I will be leaving the country next month to work abroad. My agency asked me to sign two insurance contracts. One is supposed to be mandatory, and the other a personal accident insurance. Can you enlighten me on these insurances?
A contract of insurance is an agreement whereby one undertakes for a consideration to indemnify another against loss, damage or liability arising from an unknown or contingent event (Sec. 2, Presidential Decree No. 612). In essence, its purpose is to pass on the risk of loss, damage or liability caused by certain perils from the insured person to another, called the insurer, who promises to pay for such loss, damage or liability if it occurs. Given the nature of insurance, the contracts you signed would most likely redound to your benefit as you are given additional protection against certain contingencies. The question now is: What contingencies to the contracts you signed are covered?
The mandatory insurance contract you mentioned probably refers to the compulsory insurance that Republic Act (R.A.) No. 8042, otherwise known as the Migrant Worker’s and Overseas Filipinos Act of 1995, requires recruitment agencies to procure for the OFWs they deploy. This insurance is a unique one covering a plethora of contingencies that an OFW may encounter while working abroad, and arising from his or her overseas employment, such as untoward death, disability, repatriation or labor money claims.
In particular, the law mandates that the compulsory insurance for OFWs should at least include within its coverage: (a) accidental death coverage amounting to Fifteen Thousand United States dollars (US$15,000) payable to the beneficiaries of the OFW; (b) permanent total disablement coverage amounting to Seven Thousand Five Hundred United States dollars (US$7,500) payable to the concerned OFW; (c) subsistence allowance benefit amounting to One Hundred United States dollars (US$100) per month for a maximum of six (6) months payable in case the OFW gets involved in a case or litigation for the protection of his rights in the country where he works; (d) cost of repatriation of the worker, including his personal belongings, if his employment is terminated without valid cause or if he dies; (e) money claims awarded to the OFW by the NLRC equivalent to at least three (3) months for every year of the migrant worker’s employment contract. Provisions for compassionate visit, medical evacuation and repatriation must likewise be included (Sec. 37-A, R. A. No. 8042, as amended by R. A. No. 10022).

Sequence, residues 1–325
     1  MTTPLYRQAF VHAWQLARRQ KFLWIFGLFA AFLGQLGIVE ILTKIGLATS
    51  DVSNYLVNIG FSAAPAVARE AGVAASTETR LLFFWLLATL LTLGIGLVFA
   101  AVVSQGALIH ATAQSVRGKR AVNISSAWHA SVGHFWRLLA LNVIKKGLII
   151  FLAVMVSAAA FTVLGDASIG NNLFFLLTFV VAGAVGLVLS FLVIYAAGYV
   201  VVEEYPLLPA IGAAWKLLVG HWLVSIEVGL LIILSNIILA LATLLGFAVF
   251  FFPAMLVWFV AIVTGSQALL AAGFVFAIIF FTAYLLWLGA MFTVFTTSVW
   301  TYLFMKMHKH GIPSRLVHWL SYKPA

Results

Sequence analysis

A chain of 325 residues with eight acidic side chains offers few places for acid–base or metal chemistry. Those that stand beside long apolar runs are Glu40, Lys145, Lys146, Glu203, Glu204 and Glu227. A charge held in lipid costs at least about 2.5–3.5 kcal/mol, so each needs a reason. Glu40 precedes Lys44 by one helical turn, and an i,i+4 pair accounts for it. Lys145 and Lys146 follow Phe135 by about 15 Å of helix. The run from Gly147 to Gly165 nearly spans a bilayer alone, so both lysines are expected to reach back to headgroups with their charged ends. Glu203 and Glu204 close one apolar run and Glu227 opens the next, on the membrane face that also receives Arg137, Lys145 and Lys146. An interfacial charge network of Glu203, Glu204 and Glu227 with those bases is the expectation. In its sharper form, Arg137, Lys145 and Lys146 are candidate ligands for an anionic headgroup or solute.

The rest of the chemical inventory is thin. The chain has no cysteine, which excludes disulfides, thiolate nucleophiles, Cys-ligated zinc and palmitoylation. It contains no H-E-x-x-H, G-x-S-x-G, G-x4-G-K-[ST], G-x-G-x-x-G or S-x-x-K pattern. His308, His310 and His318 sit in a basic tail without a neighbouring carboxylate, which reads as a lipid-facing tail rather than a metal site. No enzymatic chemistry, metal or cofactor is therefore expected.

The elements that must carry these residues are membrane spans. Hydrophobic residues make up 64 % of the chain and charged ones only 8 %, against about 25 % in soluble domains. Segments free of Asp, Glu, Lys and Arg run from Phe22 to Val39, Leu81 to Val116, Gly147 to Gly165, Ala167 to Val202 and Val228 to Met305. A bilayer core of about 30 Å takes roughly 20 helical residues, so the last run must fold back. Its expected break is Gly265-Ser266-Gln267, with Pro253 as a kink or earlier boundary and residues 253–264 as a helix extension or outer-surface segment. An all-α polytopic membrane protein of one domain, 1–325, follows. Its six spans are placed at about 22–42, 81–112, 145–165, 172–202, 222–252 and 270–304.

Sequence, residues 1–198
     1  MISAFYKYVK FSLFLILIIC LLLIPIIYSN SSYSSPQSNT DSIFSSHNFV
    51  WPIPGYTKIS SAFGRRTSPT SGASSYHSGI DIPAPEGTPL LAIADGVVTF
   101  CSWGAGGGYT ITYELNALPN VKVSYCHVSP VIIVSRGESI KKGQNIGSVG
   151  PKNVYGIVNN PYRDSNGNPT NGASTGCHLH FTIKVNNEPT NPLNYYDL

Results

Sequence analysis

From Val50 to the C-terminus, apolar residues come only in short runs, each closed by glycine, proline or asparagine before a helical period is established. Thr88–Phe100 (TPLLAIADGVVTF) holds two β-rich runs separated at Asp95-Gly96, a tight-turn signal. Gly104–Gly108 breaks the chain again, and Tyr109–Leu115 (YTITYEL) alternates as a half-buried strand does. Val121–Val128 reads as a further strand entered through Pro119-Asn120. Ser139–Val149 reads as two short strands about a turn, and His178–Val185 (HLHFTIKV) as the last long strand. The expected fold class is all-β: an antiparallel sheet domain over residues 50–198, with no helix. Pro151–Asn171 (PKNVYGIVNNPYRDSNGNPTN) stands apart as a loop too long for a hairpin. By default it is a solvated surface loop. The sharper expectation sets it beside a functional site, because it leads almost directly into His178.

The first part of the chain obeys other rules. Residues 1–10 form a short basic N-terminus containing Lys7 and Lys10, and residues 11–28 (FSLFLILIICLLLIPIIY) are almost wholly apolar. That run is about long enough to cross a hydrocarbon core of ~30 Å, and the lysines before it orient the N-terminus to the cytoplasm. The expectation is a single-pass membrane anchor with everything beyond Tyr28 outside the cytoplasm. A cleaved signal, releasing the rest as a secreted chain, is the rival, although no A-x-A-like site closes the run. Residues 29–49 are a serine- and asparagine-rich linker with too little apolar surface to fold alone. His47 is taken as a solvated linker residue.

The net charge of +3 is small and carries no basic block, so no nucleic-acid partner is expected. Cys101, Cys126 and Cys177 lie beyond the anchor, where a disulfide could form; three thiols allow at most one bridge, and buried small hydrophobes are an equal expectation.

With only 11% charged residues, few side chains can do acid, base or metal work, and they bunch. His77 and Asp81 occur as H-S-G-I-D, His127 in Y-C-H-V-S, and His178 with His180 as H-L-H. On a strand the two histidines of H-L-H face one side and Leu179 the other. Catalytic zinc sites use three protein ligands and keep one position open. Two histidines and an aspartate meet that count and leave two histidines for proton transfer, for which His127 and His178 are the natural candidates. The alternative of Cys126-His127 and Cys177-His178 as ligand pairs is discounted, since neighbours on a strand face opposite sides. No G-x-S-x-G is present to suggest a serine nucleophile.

On the other hand, a personal accident insurance is a specie of casualty insurance, which is a type of insurance that covers loss or liability arising from accident or mishap, excluding certain types of loss which by law or custom are considered as falling exclusively within the scope of other types of insurance such as fire or marine (Sec. 174, Presidential Decree No. 961). It is a contract that generally provides for compensation in the event of injuries, disability or death caused by violent, accidental, external and visible events. Please note that the usual coverage of a personal accident insurance is quite limited. It does not cover all situations resulting to injury, disability or death, but only those sustained from violent, accidental, external and visible events. This implies that the insured has the burden of proof to show that such an event caused the injury in order to claim from the insurance company.
Be that as it may, please keep in mind that insurance policies are essentially contracts where parties are given freedom to stipulate on the terms and conditions of their agreement, which the courts will not interfere with, unless they are contrary to law, morals, good customs, public policy or public order. Thus, in order to determine the specific coverage of the insurance policies taken by your recruitment agency and your corresponding rights, we suggest that you consult a lawyer and have him review the contracts you signed.
Again, we find it necessary to mention that this opinion is solely based on the facts you have narrated and our appreciation of the same. The opinion may vary when the facts are changed or elaborated.
We hope that we were able to enlighten you on the matter.
Editor’s note: Dear PAO is a daily column of the Public Attorney’s Office. Questions for Chief Acosta may be sent to firstname.lastname@example.org